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Hence these wretches did not perish alone, but "overthrew the faith of some (verse 18) προσκαιροι, οι temporary," believers, who assented to the truths of the gospel, and were reckoned amongst the faithful; nay, and they shrewdly shook the faith of others. When men in a field-battle see such fall who stood next them, or were before them, their hearts are apt to misgive them, lest the next bullet should take them off also. Especially true believers, knowing so much of the deceitfulness of their own hearts, as to make them humble all their days, and being so charitable toward others, and apt to believe any better than themselves, their concern also being so great for their souls, hinc lacrymæ,*-they cry: "We shall one day fall."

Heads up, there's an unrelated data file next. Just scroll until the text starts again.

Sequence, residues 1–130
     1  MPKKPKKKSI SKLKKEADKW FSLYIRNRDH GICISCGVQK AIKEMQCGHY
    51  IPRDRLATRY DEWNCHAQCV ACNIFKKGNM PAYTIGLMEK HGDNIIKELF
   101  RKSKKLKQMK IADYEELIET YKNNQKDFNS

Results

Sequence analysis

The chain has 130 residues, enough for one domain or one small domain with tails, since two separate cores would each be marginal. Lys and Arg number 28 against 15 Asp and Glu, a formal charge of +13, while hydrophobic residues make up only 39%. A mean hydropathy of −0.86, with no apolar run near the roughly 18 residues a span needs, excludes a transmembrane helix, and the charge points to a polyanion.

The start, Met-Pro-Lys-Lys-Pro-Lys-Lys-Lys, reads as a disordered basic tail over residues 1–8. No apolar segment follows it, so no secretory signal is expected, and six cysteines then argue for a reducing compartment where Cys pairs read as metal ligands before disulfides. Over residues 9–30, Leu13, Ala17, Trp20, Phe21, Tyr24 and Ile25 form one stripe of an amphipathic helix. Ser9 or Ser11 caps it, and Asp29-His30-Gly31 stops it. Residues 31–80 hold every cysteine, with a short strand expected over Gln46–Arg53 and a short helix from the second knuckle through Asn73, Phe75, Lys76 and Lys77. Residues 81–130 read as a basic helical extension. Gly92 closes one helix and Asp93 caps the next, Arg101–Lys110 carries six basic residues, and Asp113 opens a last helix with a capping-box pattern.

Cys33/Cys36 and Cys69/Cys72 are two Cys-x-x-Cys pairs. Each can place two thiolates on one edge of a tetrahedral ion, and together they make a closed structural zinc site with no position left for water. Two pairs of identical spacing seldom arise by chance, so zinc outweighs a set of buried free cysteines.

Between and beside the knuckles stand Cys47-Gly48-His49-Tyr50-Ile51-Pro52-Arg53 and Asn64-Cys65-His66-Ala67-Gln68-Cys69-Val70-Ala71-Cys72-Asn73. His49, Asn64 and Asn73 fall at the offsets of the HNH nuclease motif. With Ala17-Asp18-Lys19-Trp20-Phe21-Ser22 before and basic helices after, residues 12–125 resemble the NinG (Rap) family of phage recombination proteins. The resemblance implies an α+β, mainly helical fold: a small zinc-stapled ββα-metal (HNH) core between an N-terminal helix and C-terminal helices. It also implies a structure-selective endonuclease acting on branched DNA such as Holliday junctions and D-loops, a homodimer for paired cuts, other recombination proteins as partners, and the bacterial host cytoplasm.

To such the apostle accommodates these words: Nevertheless—As if he had said, "Granting all that any fearful and weak (but true) believers amongst you can object, that so many fall away, and such as seemed so resolute have apostatized." Yet the foundation of God standeth sure-Though they who built upon the sand, with their stateliest and highest confidence, fell; yet every building upon the rock should hold out all winds and weathers. (Matt. vii. 24, 25.) To prove which, the apostle offers a double security


1. From the election and foreknowledge of God.-"The Lord knoweth them that are his :" Verba sensus et intellectus ponunt affectum et effectum,† is a known rule to understand scripture by. God does not only know his people, as he does all other men, and all other creatures in the world; but he hath a special eye upon every one of them, and a special care for them as well as love unto them: and this is, as it were, THE PRIVY SEAL which every child of God may take for his security.